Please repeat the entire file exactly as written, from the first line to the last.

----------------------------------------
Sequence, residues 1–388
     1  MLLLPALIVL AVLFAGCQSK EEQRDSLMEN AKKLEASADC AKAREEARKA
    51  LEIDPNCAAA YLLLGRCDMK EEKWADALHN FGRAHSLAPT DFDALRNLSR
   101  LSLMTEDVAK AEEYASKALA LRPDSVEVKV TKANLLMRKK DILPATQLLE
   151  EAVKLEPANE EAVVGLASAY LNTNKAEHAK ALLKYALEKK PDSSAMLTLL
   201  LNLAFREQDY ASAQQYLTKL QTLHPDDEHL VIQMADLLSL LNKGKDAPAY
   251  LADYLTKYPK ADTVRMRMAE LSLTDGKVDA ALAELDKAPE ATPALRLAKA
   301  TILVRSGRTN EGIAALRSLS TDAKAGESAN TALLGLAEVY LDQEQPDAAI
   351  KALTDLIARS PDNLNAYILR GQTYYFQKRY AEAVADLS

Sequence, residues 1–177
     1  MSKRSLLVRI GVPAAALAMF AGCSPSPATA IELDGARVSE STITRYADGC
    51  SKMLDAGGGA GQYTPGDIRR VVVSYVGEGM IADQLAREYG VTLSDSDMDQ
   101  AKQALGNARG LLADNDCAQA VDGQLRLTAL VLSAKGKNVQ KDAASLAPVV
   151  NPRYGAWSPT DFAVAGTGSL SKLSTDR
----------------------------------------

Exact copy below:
Sequence, residues 1–388
     1  MLLLPALIVL AVLFAGCQSK EEQRDSLMEN AKKLEASADC AKAREEARKA
    51  LEIDPNCAAA YLLLGRCDMK EEKWADALHN FGRAHSLAPT DFDALRNLSR
   101  LSLMTEDVAK AEEYASKALA LRPDSVEVKV TKANLLMRKK DILPATQLLE
   151  EAVKLEPANE EAVVGLASAY LNTNKAEHAK ALLKYALEKK PDSSAMLTLL
   201  LNLAFREQDY ASAQQYLTKL QTLHPDDEHL VIQMADLLSL LNKGKDAPAY
   251  LADYLTKYPK ADTVRMRMAE LSLTDGKVDA ALAELDKAPE ATPALRLAKA
   301  TILVRSGRTN EGIAALRSLS TDAKAGESAN TALLGLAEVY LDQEQPDAAI
   351  KALTDLIARS PDNLNAYILR GQTYYFQKRY AEAVADLS

Sequence, residues 1–177
     1  MSKRSLLVRI GVPAAALAMF AGCSPSPATA IELDGARVSE STITRYADGC
    51  SKMLDAGGGA GQYTPGDIRR VVVSYVGEGM IADQLAREYG VTLSDSDMDQ
   101  AKQALGNARG LLADNDCAQA VDGQLRLTAL VLSAKGKNVQ KDAASLAPVV
   151  NPRYGAWSPT DFAVAGTGSL SKLSTDR